The following instructions are not exactly leading you to this. But you can develop from there and use the same skill set by changing the dimension of the wooden blocks and adding some of your ideas!
-Rigid backing material (e.g. a scrap piece of 1/4" plywood.) -2" wooden blocks -Wood shims no larger than the size of your blocks -Wood glue -Wood stain (can use a stain that also seals the wood.) -Rag for staining -Picture-hanging hardware -Hammer to attach picture-hanging hardware
A Note About the Supplies:
This project is completely power tool free! I considered making wood blocks to save money on supplies and to give me a variety of sizes to add interest to my mosaic, but I happened to find unfinished wood blocks for a good deal at a local discount craft store called Pat Catans. You can certainly make your own blocks pretty easily if you have the tools, although sanding each one would be pretty time consuming. To save time and avoid using power tools, just head out to your local craft store to find wood blocks, or buy some online. The least expensive set of blocks I found online are right here.
The size of this project is totally up to you. To determine the size of my own wooden mosaic piece, I bought the wood blocks first, arranged them in a single layer, and then measured the area that the blocks covered (15"x17"). I cut out a scrap piece of plywood to be about 1.5" shorter than the entire area of blocks so that the attached blocks would overhang the edge and hide the backing material. Like I said, this project is power tool free, so you can buy a pre-cut piece of wood at a craft or hardware store and then purchase enough blocks to cover that space (allowing for a slight overhang), or you can buy the blocks, determine the size the backing should be, and then have a small piece cut for you at the hardware store or lumberyard. Most places will make a few cuts for you, free of charge.
Dip part of your rag into the stain and rub the color onto each side of every block. Rub off any excess stain and lay the blocks out on protective paper (I used wax paper, but newspaper will do) to air out. You'll want to do this step while wearing a mask over your nose and mouth in a well-ventilated area or use a natural stain without fumes. Don't ever work with traditional wood stain while pregnant.
As you work with the stain, you'll notice that the end cuts absorb the color differently from the sides of each block--and that's okay! The difference in tones will work together to create a varied mosaic as you arrange each block on a different side.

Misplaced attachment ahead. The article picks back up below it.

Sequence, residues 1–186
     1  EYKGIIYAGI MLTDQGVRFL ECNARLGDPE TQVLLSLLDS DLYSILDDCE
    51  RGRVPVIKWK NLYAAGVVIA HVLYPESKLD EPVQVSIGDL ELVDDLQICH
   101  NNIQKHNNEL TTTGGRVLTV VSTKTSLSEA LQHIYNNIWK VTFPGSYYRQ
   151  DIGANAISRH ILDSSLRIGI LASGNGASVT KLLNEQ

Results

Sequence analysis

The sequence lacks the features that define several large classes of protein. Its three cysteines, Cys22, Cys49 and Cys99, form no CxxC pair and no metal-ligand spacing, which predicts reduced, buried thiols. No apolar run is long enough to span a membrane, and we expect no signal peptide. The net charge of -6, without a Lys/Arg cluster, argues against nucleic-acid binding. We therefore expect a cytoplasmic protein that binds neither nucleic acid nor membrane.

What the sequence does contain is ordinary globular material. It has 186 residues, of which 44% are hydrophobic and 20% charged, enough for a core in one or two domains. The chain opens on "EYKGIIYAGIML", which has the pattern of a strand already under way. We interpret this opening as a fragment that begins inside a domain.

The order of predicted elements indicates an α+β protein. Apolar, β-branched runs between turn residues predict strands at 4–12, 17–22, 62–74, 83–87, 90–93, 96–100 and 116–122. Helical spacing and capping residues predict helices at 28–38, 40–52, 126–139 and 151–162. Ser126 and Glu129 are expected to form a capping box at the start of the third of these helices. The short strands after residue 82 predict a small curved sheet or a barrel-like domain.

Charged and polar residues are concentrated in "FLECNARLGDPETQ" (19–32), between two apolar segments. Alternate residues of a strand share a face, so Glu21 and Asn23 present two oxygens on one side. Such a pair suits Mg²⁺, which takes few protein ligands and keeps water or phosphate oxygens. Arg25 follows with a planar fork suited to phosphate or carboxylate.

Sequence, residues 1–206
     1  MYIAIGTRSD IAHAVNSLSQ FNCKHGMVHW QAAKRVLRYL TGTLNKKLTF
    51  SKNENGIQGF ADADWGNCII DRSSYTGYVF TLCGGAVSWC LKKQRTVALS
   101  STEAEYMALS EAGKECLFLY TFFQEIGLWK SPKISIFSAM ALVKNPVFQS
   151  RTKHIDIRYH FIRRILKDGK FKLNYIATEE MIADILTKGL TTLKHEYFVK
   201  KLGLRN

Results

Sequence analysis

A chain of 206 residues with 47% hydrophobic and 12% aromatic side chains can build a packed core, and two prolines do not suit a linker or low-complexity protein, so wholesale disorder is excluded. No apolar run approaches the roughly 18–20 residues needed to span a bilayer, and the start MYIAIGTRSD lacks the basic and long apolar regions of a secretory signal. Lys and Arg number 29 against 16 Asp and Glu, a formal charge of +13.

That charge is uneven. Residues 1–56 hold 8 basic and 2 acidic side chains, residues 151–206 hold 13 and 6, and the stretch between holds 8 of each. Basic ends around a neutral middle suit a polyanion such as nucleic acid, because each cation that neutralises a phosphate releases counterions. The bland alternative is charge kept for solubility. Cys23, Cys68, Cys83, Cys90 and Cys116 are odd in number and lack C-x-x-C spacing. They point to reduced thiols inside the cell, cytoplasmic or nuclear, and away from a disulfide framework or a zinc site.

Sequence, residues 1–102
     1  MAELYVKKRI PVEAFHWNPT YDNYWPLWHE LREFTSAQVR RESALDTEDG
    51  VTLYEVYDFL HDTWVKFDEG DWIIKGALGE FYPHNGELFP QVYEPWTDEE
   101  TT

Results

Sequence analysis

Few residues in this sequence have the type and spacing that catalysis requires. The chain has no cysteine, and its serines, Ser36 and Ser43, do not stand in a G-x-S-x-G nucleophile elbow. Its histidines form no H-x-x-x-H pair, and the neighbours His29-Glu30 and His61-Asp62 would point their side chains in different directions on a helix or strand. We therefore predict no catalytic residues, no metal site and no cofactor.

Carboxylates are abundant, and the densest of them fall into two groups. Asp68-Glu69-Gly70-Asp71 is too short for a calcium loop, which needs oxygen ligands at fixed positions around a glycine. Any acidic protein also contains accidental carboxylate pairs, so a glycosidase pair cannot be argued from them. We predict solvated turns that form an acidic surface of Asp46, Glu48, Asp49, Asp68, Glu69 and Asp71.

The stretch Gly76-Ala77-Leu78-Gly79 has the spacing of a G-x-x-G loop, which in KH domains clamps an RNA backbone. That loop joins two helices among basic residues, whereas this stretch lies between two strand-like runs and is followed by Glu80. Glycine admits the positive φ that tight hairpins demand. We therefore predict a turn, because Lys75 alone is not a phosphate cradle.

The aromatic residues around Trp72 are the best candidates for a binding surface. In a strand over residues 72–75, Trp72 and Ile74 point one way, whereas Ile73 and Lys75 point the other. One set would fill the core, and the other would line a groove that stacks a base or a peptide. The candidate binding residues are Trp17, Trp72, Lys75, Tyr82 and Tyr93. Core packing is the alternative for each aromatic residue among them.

Make sure you properly dispose of your oil-soaked rag once you've finished staining all of the blocks. Lay out your rag in a single layer (do not wad it up!) outside to safely cure. Once the stain has cured on the rag (it will be somewhat crispy, like starched fabric) you can safely dispose of it. Never leave flammable rags in piles or crumpled up, because they can spontaneously combust. Before disposing of cured oil-soaked rags with your trash service, you may want to check your local regulations. Some areas require oil-soaked rags to be disposed of at a hazardous waste collection site, even after they've cured. If dealing with oil-soaked rags from traditional wood stain seems like an awful proposition, try using an all-natural, non-flammable wood stain instead.
Step Two: This is my favorite part! After the wood stain has aired out a bit, you can arrange each block on the backing piece. Find the side of each block you like best and face it upwards, aiming for a variety of stripes and tones in the finished piece. I arranged my blocks in a random way to achieve variety without a noticable pattern.
Step Three: Row by row, lift up each positioned wood block, one by one, and glue each one into place by applying glue on the bottoms and on the sides that touch neighboring blocks. Randomly place various sized stacks of shims under blocks as you glue them in place. This will elevate the blocks and give the finished piece a nice textural finish. Don't place many elevated blocks around the edges, though, and make sure that the few elevated blocks that are placed on an edge row aren't elevated higher than the thickness of one shim. If they're too high, you will be able to see the shims and backing material when viewing the finished piece from the side.
Once the glue has dried, attach the picture-hanging hardware to the back board. If your finished piece is pretty substantial and heavy, you'll probably want to get a set of two hooks that can be screwed into either side of the back in order to hold heavy-duty picture-hanging wire.
The final wooden mosaic art will be pretty hefty, so before you hang it up on your wall, make sure you're hammering into a stud or using drywall anchors suitable to hold the weight of the finished piece. If you're unfamiliar with drywall studs, check out my bathroom storage project which utilizes drywall anchors to hang heavy metal baskets from the wall.
Even though it was super easy to make, it looks sophisticated and substantial. The earthy feel of the wood mosaic works great with any decor style.